Is “religious centrist” a pejorative?

Susan Brooks Thistlethwaite, former president of Chicago Theological Seminary writes:

I’ll be clear. I’m in favor of reaching out and I am less interested in labels. To me as a person of faith, I believe we should be engaging the public square in order to effect change. In order to effect change, you have to engage in the broadest possible coalition-building. To use a sports metaphor, the point of a football game is not to perfect the huddle, it’s to move the ball down the field.

Here’s the reality check. Before you accuse someone of being a “centrist” and use that as code for lack of faith commitment, ask these questions: Does it matter at all where the center is? Does it matter at all where the center could and should be?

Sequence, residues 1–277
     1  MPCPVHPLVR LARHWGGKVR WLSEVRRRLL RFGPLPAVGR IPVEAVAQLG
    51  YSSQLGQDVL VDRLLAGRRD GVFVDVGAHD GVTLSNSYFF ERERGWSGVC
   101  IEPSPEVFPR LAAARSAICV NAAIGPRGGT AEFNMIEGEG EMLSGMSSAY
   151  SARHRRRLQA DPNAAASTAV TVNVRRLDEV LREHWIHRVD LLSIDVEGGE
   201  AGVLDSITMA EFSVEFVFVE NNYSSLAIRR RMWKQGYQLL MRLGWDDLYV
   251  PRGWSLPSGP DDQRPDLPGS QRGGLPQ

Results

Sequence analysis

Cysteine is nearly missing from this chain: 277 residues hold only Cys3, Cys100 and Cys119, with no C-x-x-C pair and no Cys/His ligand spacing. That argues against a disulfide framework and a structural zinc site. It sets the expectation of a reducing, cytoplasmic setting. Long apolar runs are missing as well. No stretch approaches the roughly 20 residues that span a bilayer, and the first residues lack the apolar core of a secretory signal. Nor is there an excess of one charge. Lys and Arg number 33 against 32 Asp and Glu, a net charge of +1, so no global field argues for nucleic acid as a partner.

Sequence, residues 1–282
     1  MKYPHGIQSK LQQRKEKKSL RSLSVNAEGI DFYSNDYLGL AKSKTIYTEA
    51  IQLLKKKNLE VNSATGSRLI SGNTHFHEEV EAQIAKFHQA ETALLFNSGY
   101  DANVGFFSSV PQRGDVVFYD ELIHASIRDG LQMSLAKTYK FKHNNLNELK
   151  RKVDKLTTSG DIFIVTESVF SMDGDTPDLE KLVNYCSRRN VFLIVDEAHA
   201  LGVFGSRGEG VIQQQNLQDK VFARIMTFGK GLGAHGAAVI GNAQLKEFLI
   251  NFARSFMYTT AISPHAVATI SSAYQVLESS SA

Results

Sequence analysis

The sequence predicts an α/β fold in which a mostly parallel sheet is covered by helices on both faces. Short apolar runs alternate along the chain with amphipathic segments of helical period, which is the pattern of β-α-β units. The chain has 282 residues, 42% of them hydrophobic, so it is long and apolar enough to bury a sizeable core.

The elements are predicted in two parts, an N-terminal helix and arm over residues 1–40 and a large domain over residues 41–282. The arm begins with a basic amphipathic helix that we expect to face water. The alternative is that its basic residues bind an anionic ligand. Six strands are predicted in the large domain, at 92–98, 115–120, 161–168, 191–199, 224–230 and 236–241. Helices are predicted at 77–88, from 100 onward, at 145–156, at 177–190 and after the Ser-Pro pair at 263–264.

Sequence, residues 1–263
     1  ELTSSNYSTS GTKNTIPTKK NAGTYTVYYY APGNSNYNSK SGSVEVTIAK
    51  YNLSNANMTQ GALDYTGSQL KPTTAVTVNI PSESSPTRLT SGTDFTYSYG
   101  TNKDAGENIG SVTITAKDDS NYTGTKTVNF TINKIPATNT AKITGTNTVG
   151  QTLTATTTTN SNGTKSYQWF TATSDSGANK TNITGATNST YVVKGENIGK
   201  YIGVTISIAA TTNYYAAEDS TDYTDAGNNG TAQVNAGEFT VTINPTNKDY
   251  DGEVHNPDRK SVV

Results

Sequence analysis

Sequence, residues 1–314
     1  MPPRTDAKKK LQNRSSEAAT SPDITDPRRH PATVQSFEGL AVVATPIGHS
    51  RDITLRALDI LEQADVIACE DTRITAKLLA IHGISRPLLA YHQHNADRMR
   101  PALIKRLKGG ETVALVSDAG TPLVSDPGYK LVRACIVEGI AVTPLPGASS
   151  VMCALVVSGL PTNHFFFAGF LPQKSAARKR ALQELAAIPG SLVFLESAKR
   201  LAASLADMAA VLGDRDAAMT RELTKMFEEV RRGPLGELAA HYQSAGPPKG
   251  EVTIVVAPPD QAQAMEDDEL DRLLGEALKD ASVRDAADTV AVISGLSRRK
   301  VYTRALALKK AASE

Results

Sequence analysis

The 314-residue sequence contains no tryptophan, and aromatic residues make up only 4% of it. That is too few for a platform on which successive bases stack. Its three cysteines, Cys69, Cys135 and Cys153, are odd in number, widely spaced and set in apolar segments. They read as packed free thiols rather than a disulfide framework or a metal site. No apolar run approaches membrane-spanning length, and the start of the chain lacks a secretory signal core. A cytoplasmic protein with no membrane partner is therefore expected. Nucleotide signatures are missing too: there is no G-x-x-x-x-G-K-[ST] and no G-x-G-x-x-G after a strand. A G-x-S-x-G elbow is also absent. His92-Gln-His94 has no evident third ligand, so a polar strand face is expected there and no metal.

[I]sn’t it a good idea to try to move the center back more toward, well, the center? How do you do that? You do that by building bridges, building trust and building a movement. Movements move. It’s risky, it doesn’t always work out, but it’s how change happens.

Among people who self-identify as liberal or progressive, there should be room for diversity of opinion on how to best effect the change we need. And really, if we can’t honor diversity, aren’t we betraying that fundamental principle of historic liberalism?

Read it all in On Faith.

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